BRASILIA (Reuters) – A regional labor judge has ordered Brazilian miner Vale SA to pay 1 million reais ($197,240) in compensation to each of the families of 131 employees killed in the collapse of a mining dam in 2019.
The disaster in Brumadinho, Minas Gerais state, killed 270 people in Brazil’s most deadly mining tragedy has hampered Vale’s performance for two years as it was forced to curb production amid new safety protocols.
Judge Vivianne Celia Ferreira Ramos Correa on Wednesday agreed to the request of the Brumadinho iron mining workers union that the compensation be paid to the estate or heirs of the victims of the disaster, according to the ruling seen by Reuters.
Her decision can be appealed by the company. Vale said it will study the judge’s decision. Vale said in a statement that “it is sensitive to the situation of those affected by the collapse of the B1 dam and has been reaching agreements with the workers’ families since 2019 to guarantee quick and complete reparation.”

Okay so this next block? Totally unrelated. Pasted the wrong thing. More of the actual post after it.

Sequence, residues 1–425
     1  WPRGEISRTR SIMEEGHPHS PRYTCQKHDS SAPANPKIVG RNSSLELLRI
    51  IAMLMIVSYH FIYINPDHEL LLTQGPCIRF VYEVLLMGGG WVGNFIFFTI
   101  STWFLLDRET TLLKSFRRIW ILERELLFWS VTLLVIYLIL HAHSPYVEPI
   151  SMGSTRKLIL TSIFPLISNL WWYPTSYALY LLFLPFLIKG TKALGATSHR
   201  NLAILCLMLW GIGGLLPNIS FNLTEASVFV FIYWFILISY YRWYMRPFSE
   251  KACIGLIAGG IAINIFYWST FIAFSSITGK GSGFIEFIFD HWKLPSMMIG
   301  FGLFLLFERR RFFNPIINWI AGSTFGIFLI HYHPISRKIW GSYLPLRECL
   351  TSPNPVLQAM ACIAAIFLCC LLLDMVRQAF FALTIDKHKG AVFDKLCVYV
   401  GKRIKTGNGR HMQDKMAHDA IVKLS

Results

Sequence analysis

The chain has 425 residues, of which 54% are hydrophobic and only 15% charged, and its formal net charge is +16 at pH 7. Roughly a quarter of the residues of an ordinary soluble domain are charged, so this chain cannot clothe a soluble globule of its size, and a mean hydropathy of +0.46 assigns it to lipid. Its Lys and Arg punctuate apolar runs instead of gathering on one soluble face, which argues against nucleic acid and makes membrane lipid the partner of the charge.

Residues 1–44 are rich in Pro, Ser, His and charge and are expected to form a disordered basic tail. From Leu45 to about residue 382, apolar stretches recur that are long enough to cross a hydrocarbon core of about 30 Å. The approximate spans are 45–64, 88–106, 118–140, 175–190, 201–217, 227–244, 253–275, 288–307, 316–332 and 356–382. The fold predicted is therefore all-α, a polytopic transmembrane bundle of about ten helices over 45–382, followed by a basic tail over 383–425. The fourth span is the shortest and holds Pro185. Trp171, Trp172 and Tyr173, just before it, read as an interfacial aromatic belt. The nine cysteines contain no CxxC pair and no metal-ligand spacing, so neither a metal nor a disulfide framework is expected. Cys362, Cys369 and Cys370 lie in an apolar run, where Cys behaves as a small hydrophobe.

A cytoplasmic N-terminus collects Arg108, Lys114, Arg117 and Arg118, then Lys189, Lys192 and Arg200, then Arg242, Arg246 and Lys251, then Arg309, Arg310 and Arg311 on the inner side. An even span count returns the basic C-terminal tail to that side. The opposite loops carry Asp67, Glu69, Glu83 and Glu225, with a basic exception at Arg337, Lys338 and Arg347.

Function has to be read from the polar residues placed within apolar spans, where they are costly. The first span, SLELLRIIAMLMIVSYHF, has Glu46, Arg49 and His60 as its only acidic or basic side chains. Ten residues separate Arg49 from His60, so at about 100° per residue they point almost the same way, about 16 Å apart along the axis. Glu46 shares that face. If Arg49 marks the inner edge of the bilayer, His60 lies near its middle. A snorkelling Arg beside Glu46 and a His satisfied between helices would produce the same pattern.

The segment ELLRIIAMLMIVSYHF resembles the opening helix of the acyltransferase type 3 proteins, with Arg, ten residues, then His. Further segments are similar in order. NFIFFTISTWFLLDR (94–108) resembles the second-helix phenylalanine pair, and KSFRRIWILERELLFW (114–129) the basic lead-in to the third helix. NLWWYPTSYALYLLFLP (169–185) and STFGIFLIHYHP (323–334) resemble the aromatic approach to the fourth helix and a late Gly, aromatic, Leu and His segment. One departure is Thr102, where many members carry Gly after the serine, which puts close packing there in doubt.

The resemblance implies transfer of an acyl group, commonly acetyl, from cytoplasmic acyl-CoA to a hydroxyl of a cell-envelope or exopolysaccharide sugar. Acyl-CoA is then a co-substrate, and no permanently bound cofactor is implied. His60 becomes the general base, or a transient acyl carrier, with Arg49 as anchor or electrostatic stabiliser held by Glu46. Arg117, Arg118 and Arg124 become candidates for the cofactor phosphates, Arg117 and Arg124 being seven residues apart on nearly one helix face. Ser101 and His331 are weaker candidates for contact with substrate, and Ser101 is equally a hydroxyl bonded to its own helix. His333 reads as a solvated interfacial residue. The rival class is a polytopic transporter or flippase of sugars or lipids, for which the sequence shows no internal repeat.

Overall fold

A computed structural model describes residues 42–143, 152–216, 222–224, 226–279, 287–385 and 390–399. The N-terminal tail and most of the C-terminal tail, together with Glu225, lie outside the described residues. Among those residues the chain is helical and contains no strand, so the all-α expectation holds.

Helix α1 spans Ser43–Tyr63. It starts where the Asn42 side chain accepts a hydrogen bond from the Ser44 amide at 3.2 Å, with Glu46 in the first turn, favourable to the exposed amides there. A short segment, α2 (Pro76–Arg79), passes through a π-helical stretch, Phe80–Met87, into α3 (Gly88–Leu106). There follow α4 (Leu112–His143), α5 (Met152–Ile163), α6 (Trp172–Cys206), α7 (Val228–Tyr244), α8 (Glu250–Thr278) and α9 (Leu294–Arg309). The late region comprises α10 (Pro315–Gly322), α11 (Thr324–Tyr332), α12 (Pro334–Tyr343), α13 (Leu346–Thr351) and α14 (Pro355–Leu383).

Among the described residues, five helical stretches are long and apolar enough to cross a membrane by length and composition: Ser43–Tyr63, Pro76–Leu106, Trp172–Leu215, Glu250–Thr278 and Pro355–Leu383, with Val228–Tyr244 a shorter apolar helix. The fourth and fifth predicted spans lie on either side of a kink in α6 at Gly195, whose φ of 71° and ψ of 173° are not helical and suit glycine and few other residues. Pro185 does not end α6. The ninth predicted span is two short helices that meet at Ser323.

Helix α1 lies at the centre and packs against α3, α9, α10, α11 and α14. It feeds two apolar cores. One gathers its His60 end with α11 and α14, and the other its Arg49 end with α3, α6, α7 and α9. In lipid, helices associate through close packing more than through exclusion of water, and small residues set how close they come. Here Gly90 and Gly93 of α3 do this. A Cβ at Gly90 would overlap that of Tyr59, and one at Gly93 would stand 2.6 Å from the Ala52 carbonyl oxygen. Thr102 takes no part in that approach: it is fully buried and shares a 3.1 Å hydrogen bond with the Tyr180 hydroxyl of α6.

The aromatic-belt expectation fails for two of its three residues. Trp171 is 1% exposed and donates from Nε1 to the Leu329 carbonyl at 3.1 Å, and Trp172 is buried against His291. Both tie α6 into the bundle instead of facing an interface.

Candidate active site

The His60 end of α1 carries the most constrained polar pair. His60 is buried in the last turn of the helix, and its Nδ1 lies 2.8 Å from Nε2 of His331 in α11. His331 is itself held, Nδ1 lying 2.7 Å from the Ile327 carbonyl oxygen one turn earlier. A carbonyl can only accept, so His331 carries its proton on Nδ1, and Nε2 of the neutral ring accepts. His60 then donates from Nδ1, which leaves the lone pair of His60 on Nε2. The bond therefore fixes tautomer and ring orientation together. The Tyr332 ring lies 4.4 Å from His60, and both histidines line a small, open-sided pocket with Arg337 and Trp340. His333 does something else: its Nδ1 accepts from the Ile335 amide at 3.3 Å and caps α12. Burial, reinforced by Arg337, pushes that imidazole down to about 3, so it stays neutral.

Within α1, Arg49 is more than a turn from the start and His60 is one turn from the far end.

The company argued that it has already paid more than 2 billion reais in civil and labor indemnities associated with the disaster, after having signed agreements with more than 1,600 relatives of victims.
The union’s lawyer, Maximiliano Garcez, welcomed the ruling as “humanist” and told Reuters he originally asked for compensation of 3 million reais per deceased worker. The dam collapse destroyed houses and other building and polluted rivers causing lasting environmental damage in the region.
In February, Vale said it had reached a 37.7 billion real ($7 billion) agreement with prosecutors and the state of Minas Gerais to settle claims stemming from the disaster.
The government of Minas Gerais said the agreement did not set a ceiling on potential costs associated with environmental cleanup, which Vale will have to cover.
($1 = 5.0700 reais)
(Reporting by Anthony Boadle, Editing by Nick Zieminski)